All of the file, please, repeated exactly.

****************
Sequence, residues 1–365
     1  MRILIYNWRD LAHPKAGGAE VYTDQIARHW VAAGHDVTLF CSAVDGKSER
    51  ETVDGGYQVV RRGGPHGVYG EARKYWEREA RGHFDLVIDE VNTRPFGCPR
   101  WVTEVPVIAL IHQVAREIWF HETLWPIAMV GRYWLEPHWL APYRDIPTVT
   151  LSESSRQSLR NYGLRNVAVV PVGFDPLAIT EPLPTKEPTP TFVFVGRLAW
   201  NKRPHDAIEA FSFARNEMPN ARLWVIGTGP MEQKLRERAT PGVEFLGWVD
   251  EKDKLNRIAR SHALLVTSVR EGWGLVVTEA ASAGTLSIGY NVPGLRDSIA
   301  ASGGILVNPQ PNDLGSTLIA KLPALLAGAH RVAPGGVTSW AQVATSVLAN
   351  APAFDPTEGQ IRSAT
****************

Sequence, residues 1–365
     1  MRILIYNWRD LAHPKAGGAE VYTDQIARHW VAAGHDVTLF CSAVDGKSER
    51  ETVDGGYQVV RRGGPHGVYG EARKYWEREA RGHFDLVIDE VNTRPFGCPR
   101  WVTEVPVIAL IHQVAREIWF HETLWPIAMV GRYWLEPHWL APYRDIPTVT
   151  LSESSRQSLR NYGLRNVAVV PVGFDPLAIT EPLPTKEPTP TFVFVGRLAW
   201  NKRPHDAIEA FSFARNEMPN ARLWVIGTGP MEQKLRERAT PGVEFLGWVD
   251  EKDKLNRIAR SHALLVTSVR EGWGLVVTEA ASAGTLSIGY NVPGLRDSIA
   301  ASGGILVNPQ PNDLGSTLIA KLPALLAGAH RVAPGGVTSW AQVATSVLAN
   351  APAFDPTEGQ IRSAT